He sat at his antique piano; I played thru my pint size Vibrochamp; and we immediately made a musical connection.

He had left the Grass Roots and begun experimenting with a Lee Michaels/Frosty inspired "power duo" concept with drummer Joe Pollard. Also, he and I began going into the studio together and playing local live venues together. During this period, Virgil Weber left the Grass Roots and Dennis played with them, temporarily, until they could find a replacement for Virgil. When Grass Roots  guitarist Reed Kailing also left the group, I auditioned for Reed's spot, and became their 'umpteenth guitarist'. Dennis and I both remained in the group for a year and a half or so.

What were your impressions of The Grass Roots before you auditioned?

A successful hit making group, grounded in the 60's explosion of music/culture and continuing its relevence through the mid 70's and beyond . . .

What year did you officially join the group?


Where did you first play a live concert with the group?

Auditorium: Purdue University, LaFayette, Indiana

What was the first Grass Roots song you performed?

We opened at Purdue with Glory Bound.

What other musical groups did The Grass Roots tour with, during your time with them?

Phlourescent Leech & Eddie, The Association, Jewel Aiken, Jan & Dean and others.

Can you relay any memories of your life on tour with the group?

Joel Larson once boarded an airliner wearing "hot socks" plainly visible through his open toed high heeled sandals. Hot socks were like "foot gloves" sporting individually knitted digits; one for each toe to fit into. They were loud, multicolored, garishly attention getting and worked very well as a means by which to engage attractive female passengers in conversation.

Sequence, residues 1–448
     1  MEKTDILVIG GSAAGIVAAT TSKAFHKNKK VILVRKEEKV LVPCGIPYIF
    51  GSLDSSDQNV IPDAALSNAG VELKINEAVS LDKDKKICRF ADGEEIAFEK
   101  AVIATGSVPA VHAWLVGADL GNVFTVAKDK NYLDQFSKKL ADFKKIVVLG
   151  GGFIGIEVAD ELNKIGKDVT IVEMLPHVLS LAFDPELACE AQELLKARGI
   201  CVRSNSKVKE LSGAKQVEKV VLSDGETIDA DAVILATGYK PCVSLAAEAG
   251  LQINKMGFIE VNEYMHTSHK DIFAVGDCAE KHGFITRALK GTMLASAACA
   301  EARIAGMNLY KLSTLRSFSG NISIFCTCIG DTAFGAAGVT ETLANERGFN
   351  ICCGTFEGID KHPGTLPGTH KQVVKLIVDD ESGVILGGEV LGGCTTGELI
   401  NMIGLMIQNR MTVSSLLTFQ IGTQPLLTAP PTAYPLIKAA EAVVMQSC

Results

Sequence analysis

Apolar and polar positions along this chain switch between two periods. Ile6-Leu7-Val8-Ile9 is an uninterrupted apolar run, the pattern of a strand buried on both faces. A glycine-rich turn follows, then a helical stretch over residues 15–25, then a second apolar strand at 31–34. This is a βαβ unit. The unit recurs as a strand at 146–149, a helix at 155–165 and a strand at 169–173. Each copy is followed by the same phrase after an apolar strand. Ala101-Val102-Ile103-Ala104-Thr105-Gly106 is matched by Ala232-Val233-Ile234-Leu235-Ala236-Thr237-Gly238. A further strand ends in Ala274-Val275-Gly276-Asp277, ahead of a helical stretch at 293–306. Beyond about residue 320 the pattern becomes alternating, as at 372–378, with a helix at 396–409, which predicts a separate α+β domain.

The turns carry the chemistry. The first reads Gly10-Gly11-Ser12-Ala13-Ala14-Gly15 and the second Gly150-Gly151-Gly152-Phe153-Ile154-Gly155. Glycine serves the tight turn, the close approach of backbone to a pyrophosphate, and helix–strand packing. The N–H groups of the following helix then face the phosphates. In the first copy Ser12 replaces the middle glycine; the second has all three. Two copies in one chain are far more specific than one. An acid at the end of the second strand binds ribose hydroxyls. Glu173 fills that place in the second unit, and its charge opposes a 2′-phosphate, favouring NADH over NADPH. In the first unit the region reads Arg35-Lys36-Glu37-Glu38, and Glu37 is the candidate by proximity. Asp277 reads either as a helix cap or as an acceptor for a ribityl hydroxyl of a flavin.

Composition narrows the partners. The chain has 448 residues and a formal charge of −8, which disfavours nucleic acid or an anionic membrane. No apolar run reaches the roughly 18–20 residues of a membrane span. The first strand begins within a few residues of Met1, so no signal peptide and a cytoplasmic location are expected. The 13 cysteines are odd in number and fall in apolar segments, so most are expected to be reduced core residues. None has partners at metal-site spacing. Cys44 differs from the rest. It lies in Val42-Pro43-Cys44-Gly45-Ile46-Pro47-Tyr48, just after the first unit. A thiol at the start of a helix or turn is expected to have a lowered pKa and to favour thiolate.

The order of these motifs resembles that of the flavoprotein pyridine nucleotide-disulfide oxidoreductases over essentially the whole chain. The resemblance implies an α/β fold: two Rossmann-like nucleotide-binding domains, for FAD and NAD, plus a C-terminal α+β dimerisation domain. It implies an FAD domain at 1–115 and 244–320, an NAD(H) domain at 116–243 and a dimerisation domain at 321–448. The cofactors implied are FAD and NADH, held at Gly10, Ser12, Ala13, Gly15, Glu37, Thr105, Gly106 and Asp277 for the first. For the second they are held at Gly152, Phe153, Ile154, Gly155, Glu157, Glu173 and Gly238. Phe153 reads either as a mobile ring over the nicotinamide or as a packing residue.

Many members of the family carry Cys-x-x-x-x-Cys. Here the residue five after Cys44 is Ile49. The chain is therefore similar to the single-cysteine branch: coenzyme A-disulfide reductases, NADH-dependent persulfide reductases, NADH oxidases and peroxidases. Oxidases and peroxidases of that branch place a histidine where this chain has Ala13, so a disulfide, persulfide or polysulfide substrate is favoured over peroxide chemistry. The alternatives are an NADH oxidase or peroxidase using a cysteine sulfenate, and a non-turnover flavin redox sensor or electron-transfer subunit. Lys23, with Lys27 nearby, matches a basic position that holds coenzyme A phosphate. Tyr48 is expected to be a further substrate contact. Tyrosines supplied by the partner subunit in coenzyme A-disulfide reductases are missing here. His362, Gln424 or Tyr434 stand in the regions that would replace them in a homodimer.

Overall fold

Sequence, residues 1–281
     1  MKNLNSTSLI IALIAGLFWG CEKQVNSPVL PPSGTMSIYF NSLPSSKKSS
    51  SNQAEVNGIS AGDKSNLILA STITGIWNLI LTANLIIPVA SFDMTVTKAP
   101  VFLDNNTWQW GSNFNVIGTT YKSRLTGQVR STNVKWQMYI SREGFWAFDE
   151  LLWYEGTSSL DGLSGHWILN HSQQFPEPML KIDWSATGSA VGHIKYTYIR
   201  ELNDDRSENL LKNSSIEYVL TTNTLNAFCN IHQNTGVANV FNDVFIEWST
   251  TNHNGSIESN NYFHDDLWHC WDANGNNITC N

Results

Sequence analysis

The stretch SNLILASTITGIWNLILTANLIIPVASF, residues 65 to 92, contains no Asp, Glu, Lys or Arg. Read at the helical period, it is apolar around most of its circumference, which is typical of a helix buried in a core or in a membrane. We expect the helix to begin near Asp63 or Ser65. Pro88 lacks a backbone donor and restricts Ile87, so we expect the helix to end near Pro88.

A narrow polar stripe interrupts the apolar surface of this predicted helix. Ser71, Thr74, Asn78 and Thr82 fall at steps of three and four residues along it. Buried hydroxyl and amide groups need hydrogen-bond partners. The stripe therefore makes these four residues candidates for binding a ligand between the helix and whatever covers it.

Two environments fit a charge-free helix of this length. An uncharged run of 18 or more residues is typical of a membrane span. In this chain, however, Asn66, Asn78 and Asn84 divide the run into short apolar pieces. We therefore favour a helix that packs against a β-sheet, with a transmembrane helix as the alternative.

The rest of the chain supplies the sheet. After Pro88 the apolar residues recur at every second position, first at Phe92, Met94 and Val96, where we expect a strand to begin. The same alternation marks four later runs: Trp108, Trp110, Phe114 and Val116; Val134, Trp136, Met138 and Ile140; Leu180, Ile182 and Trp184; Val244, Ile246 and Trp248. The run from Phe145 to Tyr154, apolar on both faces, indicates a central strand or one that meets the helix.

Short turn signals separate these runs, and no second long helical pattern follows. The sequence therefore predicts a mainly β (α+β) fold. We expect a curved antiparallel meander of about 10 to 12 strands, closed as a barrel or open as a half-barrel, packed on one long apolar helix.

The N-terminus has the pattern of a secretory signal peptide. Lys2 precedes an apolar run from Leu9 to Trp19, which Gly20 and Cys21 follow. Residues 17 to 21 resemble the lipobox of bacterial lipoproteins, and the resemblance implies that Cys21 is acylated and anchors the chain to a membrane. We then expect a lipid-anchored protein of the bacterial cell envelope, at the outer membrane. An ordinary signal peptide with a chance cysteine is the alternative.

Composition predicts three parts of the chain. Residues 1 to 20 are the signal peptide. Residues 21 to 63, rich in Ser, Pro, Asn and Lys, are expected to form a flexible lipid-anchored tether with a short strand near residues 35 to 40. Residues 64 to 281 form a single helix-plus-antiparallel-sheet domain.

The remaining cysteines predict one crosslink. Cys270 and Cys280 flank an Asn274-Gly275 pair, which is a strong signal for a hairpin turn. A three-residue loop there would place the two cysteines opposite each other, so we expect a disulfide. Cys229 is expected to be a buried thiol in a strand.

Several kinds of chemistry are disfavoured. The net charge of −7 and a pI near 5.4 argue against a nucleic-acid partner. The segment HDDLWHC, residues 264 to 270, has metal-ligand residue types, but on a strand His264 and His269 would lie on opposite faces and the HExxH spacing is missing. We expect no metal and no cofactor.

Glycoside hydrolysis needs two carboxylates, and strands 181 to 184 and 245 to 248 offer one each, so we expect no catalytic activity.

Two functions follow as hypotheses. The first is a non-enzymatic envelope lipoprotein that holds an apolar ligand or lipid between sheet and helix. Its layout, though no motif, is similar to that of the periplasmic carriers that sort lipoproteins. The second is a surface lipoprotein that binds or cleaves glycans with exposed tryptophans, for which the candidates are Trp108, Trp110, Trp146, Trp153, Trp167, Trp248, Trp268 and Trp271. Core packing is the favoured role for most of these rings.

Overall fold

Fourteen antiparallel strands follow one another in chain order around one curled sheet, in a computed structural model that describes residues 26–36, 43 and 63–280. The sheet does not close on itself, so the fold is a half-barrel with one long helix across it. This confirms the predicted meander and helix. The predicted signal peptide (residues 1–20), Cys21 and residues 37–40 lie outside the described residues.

What regions of the US did you tour?

Everywhere really: Washington, Colorado, Florida, Alaska, Iowa, Indiana, Ohio, New York, New Orleans  . . . and all points in between . . .

What songs from the set list seemed to get the strongest reaction from the crowd?

Temptation Eyes
Let’s Live For Today
Where Were You When I Needed You 

and the hands down favorite:

Midnight Confessions

On the self titled LP you are credited with vocals along with the other group members. There is a long list of other musicians credited but no mention of the instruments played by the group members. How involved were you in the recording process?

It was the prerogative of the producers Dennis Lambert & Brian Potter to use studio musicians on that album.